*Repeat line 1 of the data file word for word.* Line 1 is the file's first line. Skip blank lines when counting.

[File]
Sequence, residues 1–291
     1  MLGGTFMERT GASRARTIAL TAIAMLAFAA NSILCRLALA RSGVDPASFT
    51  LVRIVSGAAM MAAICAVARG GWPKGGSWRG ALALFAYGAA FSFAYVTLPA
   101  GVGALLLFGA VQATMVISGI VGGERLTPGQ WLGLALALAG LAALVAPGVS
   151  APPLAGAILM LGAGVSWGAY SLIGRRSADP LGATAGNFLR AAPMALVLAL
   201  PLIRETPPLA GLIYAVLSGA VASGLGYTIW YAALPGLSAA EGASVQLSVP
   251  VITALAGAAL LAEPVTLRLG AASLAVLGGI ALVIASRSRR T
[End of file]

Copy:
Sequence, residues 1–291